8) Qwirkle: A great abstract game. My main complaint is that the scores can get pretty high, and you have to have a pen & paper handy.
9) Zooloretto: One of the first card games (Coloretto) to get a board game version, it’s a nice implementation of the card game mechanics in a zoo building game.
10) Hare & Tortoise: Mathy, but in a good way. I seem to be the only person I know who really likes this game.
11) Thurn & Taxis: Always felt like a slight step up in complexity to Ticket to Ride to me. I haven’t played it in years, but I remember liking it.
12) Alhambra: Similar to Carcassonne i mechanics, it’s got some neat way to differentiate itself from being a clone.
13) El Grande: Definitely one of the heavier games mechanics-wise to win the SDJ, but it’s still a good game. One of the earlier area control games I remember playing.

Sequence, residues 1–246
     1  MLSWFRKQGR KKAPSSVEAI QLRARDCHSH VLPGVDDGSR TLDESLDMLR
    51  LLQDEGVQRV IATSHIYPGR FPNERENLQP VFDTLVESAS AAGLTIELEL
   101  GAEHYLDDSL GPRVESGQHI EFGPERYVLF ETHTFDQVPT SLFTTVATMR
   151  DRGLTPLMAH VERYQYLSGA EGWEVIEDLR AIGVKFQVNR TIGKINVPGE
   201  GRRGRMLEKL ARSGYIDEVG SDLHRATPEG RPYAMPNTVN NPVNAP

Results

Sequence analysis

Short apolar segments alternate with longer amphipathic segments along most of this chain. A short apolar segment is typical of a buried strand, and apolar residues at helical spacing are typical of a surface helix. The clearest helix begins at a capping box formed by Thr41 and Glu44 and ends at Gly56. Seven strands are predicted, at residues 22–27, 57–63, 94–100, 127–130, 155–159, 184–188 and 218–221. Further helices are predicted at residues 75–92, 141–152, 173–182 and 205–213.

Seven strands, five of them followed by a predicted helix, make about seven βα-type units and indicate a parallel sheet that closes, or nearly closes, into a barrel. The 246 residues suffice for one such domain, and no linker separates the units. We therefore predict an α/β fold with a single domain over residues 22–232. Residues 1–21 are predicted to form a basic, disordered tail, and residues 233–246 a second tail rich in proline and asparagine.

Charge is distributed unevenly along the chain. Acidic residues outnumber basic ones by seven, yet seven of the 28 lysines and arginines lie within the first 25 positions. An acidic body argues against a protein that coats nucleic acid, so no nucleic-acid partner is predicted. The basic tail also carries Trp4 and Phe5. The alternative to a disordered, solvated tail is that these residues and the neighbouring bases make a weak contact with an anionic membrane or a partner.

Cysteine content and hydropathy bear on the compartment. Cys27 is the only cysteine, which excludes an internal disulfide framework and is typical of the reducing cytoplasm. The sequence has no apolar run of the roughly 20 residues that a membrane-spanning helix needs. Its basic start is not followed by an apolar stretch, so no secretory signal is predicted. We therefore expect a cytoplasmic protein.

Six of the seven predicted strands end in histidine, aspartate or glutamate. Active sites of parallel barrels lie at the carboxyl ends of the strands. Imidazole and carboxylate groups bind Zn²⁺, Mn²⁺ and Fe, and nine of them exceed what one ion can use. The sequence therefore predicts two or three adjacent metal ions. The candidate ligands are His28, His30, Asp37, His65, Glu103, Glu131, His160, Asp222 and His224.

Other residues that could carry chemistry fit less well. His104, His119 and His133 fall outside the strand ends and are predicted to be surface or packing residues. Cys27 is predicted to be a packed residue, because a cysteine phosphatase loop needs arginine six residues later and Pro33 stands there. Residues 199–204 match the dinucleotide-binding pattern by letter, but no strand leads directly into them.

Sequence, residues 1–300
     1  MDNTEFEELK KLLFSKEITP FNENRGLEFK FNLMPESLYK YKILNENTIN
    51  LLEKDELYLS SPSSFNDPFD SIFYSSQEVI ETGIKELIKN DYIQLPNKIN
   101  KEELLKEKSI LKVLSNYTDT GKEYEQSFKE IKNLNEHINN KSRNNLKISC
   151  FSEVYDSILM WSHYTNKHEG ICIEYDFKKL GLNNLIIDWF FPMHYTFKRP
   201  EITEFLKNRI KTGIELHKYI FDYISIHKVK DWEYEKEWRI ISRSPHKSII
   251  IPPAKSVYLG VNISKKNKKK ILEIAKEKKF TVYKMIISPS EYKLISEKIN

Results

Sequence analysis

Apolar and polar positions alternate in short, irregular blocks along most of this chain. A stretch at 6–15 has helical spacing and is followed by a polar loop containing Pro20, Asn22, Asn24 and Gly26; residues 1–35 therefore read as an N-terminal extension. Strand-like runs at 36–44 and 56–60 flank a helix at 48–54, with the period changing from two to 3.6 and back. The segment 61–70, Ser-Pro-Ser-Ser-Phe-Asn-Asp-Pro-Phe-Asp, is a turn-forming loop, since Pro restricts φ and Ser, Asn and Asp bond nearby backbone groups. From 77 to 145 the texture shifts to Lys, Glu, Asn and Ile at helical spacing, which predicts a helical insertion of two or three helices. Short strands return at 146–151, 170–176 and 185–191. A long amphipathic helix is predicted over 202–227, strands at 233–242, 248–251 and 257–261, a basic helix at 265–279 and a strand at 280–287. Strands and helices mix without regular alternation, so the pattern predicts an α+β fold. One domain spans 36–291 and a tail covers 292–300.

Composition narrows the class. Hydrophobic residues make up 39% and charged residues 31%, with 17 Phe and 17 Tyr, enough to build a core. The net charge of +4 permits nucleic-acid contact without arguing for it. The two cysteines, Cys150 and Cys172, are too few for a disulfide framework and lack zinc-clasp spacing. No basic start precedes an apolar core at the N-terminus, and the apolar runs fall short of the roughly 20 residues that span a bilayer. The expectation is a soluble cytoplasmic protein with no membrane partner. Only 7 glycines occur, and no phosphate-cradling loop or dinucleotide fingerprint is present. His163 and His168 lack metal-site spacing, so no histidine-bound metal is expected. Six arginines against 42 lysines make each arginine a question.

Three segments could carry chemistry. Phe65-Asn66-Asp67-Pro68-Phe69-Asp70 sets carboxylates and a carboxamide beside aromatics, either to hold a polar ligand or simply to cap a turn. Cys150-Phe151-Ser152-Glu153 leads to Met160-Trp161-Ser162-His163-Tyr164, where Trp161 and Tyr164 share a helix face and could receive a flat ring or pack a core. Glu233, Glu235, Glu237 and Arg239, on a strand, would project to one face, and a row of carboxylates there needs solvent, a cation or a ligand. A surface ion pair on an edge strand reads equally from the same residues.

14) Um Reifenbreite: I think I’ve mentioned I love racing games, and as a Tour de France fan, cycling games especially fascinate me. I haven’t played it much, but I’ve had fun every time.
15) Scotland Yard: A really neat hide and seek game where one player is trying to escape from the others. The mechanic has been used many times over the years, but this one still does it well.
16) Liar’s Dice: I’m really not sure why this one was considered, it’s a pretty old game, but maybe a slight variation gained it the win. I typically hate bluffing games, but this one does it right.
17) Colt Express: A programming game I have only played once, but I remember enjoying it, but never picked up my own copy. I guess I’d rather play Roborally for that.
18) Settlers of Catan: I didn’t play Catan until I was heavily into board gaming, so unlike many others, it was not an entry game for me. It’s something I’ll play occasionally, but I’m not a huge fan. But it’s obviously been huge in the board game world, and has a huge shadow over all things gaming.
That’s it. There are some games I’ve always wanted to try, and several that just didn’t strike a chord with me, but this is my top 18.